It never fails. On every article, video, etc., of safety tips or techniques for women on self defense, someone will say something on the variation, “Why don’t we just teach men not to rape?”
Oh my goodness, what a brilliant idea! I can’t believe no one ever thought of this before! Why stop at rape? We’ll just teach everyone not to do bad things. We’ll include character development and ethics in schools, and pretty soon we won’t have to worry about crime ever again. We’ll be able to spend all day holding hands and singing Kumbaya and we’ll have world peace.
If only someone had pulled young Adolf Hitler aside and told him that genocide is wrong. Then the Holocaust never would have happened, right?
Bad people do bad things because they are bad people. The want money, power, or that’s how they get their jollies, or whatever. They don’t rob, rape, and murder people just because they don’t know any better.
Not to mention that saying we should just teach men not to rape assumes that every man is a potential rapist, which is both insulting and sexist.
Let’s look at the case of Brock Turner. Turner was a 20 year old freshman at Stanford, when he was discovered by two other Stanford students sexually assaulting a young woman who was passed out, drunk. Turner was convicted of sexual assault and sentenced to six months. Many people were furious that he got such a light sentence. Even worse, he only served three months of that sentence, getting out early for “good behavior.”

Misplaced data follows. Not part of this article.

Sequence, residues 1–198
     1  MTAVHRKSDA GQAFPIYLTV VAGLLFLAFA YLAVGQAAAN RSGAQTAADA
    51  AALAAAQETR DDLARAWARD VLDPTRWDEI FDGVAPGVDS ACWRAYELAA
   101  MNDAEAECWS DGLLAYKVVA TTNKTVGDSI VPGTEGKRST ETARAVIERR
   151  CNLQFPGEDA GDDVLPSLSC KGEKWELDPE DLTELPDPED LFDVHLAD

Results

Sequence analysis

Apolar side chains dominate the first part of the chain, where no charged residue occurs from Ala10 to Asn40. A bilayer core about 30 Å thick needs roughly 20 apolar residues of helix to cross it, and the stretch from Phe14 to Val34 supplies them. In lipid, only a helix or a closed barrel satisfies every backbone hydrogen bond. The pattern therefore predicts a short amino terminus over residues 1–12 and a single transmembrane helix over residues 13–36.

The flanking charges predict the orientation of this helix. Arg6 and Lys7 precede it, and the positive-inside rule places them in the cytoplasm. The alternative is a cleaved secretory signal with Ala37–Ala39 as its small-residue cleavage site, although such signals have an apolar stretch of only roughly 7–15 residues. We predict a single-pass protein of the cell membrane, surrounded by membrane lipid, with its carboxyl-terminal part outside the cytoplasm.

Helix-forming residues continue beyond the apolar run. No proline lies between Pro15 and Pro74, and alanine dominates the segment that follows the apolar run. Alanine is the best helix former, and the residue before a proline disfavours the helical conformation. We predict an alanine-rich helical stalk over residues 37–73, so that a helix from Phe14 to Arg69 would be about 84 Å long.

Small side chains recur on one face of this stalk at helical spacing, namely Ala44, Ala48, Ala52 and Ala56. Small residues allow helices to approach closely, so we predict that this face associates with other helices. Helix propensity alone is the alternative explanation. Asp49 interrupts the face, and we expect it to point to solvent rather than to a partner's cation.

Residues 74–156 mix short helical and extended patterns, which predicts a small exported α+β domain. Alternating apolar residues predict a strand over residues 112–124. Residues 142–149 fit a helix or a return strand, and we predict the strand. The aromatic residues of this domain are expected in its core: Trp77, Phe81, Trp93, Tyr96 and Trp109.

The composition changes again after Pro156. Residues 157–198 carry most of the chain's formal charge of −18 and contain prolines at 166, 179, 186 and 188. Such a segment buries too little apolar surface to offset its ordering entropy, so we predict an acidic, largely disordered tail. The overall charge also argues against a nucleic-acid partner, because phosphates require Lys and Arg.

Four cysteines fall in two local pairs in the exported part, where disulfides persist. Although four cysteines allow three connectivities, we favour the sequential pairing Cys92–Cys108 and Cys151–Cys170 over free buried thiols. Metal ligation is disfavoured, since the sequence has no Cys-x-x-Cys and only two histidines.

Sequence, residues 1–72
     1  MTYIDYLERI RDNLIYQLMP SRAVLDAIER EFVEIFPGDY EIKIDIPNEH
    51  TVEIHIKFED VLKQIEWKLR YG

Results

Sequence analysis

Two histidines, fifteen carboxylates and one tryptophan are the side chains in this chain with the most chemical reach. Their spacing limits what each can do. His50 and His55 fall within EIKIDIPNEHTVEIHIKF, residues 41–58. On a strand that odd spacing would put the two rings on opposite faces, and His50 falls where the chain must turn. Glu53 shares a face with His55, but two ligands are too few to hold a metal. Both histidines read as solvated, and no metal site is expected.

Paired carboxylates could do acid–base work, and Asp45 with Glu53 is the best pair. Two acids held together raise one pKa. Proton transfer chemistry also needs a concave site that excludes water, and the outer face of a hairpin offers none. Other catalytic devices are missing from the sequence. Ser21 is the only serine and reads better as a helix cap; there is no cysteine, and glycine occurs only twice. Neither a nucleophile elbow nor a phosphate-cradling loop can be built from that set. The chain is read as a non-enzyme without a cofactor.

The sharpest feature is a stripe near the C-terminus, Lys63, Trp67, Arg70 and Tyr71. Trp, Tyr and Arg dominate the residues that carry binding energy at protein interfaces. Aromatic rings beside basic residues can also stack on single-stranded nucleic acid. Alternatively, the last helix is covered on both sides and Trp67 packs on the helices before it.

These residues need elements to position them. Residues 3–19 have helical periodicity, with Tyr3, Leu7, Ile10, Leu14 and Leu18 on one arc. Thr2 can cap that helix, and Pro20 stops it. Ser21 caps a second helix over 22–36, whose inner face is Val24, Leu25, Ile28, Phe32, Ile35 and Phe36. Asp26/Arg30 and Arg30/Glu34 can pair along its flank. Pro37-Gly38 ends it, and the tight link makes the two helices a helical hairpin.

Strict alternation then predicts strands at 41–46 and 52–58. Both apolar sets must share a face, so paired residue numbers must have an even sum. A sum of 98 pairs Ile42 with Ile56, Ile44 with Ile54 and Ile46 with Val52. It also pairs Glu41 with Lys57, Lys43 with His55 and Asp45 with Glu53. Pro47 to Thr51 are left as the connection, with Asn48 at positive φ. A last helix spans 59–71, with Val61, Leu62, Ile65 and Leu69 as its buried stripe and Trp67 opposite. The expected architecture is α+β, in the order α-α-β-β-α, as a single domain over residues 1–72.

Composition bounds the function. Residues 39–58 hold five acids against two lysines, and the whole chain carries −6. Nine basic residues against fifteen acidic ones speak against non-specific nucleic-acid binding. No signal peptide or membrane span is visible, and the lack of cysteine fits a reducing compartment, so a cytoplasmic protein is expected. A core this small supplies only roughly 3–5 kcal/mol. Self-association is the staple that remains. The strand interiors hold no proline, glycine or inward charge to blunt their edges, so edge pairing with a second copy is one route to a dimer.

Turner’s father had pleaded for leniency for his son. He claimed that prison “…Is a steep price to pay for 20 minutes of action out of his 20 year life.” “20 minutes of action” is quite the euphemism for rape. Unsurprisingly, many people were livid and horrified by this casual dismissal of sexual assault.
Turner tried to blame it on the alcohol. His victim explained in her statement “That he was going to go to any length to convince the world he had simply been confused.”
Now let’s go back to the “just teach men not to rape” claim. If it’s true that we just need to teach men not to rape, and then everything will be hunky-dory, then we would accept Turner’s claims about alcohol at face value. He was confused and didn’t know any better. Therefore, we should all be satisfied with his three month sentence, secure in the knowledge that now that he knows better, everything is fine.
But people aren’t fine with it. Why not? Because people don’t really believe that Turner just didn’t know any better. Because rape is a heinous crime and should be treated as such, and not excused as “20 minutes of action.”
It makes sense, in a world that contains people like Brock Turner, to teach people how to protect themselves. There is no magic wand to rid the world of evil. No amount of education or “raising awareness” will eliminate people who prey on other people. The best recourse is to take measures to protect yourself. It isn’t sexist or victim-blaming or perpetuating rape culture to teach young women (or anyone else) how to not be victims.
Whining about how we should just “teach men not to rape” is fairy-tale virtue signaling that accomplishes nothing. Meanwhile, in the real world, there are other people who are actually trying to help.
Don’t be a victim. Fight back.
- Psychological Factors Underlying Criminal Behavior, by Melita Schmideberg (pdf)
- Article from Psychology Today